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The Theatre Director: crafting productions for the stage

  • Module code: DA5006
  • Year: 2018/9
  • Level: Year 5
  • Credits: 30.00
  • Pre-requisites: Successful completion of Level 4 Drama or equivalent
  • Co-requisites: None

Summary

This module enables Level 5 Drama students to explore in detail a range of theatre rehearsal and production processes.  Students will develop knowledge and understanding of the role and function of the theatre director in relation to the other key members of the creative team: actors, designers and technicians, and apply the skills and competencies they develop to the independent creation and production of theatre performance.  The module's initial focus is directorial preparation and students will use Katie Mitchell's The Director's Craft as a template to explore, amongst other things, production-focused play analysis; interpretation and Dramaturgy; workshopping the text and ways in which to rehearse a scene.  This section of the module will culminate in the preparation and presentation of a rehearsal demonstration.  They will then be encouraged to think about the production more broadly and produce a director's book demonstrating that they are able to to consider carefully the perspectives and approaches of theatre designers and technicians whilst discovering effective ways in which to collaborate with the production team.

Aims

This module aims to:

  • Provide an in-depth, critical exploration of processes of theatre rehearsal and production
  • Extend students' understanding of concepts of dramatic structure, genre and style
  • Develop students' knowledge and understanding of the role and function of the theatre director in her/his relation to other members of the creative team such as actors, designers and technicians       
  • Develop students' confidence and skill in applying such knowledge and understanding to the independent creation and production of theatre performance

Learning outcomes

On completion of the module students will be able to demonstrate:

  • Developed skills in production-focused play analysis,
  • Understanding of the relationships between dramaturgical concepts, performance dynamics and theatre production
  • Ability to work confidently and effectively with actors in the rehearsal room
  • Understanding of how aspects of set, costume, lighting and sound design interact with direction to help generate meaning and dramatic effect
  • Knowledge and understanding of a range of 20th and 21st century approaches to theatre direction and production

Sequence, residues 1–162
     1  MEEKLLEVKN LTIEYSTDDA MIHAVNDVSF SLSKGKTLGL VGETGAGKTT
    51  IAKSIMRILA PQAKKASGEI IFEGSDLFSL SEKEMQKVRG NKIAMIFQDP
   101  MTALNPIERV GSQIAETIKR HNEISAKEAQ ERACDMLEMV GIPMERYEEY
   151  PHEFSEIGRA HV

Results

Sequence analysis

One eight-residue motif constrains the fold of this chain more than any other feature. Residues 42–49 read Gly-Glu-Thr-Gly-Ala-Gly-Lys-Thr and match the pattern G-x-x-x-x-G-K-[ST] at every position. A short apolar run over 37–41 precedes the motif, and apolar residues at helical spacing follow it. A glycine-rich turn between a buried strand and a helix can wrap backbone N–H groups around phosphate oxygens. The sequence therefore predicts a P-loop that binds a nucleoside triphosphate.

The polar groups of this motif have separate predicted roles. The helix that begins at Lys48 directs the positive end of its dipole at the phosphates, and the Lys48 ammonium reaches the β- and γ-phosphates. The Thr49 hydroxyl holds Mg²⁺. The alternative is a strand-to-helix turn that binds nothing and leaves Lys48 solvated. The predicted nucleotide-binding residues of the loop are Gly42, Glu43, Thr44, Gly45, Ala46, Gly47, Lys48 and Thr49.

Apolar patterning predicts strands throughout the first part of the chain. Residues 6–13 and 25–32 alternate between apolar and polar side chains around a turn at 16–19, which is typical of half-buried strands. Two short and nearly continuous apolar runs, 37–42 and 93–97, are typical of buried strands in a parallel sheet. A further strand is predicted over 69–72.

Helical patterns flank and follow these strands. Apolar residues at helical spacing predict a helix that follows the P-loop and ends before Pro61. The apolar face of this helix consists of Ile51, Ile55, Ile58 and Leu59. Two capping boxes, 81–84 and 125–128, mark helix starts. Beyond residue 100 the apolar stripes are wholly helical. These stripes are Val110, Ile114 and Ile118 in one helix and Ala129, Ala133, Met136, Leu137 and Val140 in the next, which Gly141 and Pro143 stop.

• Ability to reflect critically and productively on their own application of a range of directorial strategies and techniques      

Curriculum content

Teaching block 1 focuses on directorial preparation and working with actors, using the systems and processes outlined in Katie Mitchell's The Director's Craft as a template, but also bringing in alternative perspectives to encourage critical thought about Mitchell's model.

  • Production-focused play analysis including: key information from the text about time, location, character and subject-matter; inferences suggested by the text; additional research around subject-matter, playwright, historical period etc; organising information in useable ways
  • Interpretation and Dramaturgy: identifying key ideas within a play; genre, style, historical/social context; making your own interpretative decisions; dramatic structure and dynamics; editing the text
  •  Workshopping the text with actors: getting to know the cast, exploring key ideas and themes, establishing shared principles and vocabularies; establishing "the language of your process" (Mitchell); taking creative risks.
  • Rehearsing scenes: developing character, scene objectives, shape, rhythm and dynamics; giving notes and feedback; framing or highlighting key moments
  • Research into the rehearsal methods of other theatre directors, eg Anne Bogart, David Mamet, Declan Donnellan, Peter Brook, Deborah Warner.
  • Skills and strategies of leadership, organisation, communication

Teaching block 2 broadens the focus out to the production as a whole, enabling students to gain an understanding of the perspectives and approaches of theatre designers and technicians and to grasp how the director collaborates with the production team.

  • Set and Costume Design: interpreting plays visually; mood boards; storyboards; how set and costume shape action and contribute to meaning and effect
  • Lighting and sound design: basic information about how technical elements work and how they can be used to create meaning and effect; creative experimentation with lighting and sound.
  • Detailed critical analysis of live or recorded theatre productions in relation to direction, dramaturgy, acting and design
  • Creating your director's book

Teaching and learning strategy

This module has a practical focus and is thus mainly delivered in workshop form, although some elements of lecture-presentation might also be employed. In recognition of the fact that the directorial role is one that demands initiative, organisation and leadership, students are expected to take a good deal of responsibility for their own learning through undertaking extensive preparation, research and planning. The importance of creating a ‘safe' rehearsal environment where creative risks can be taken, failure is seen as a valuable learning opportunity and participants feel able to collaborate freely and offer constructive criticism, is reflected in the collaborative, discursive, student-led ethos of teaching delivery.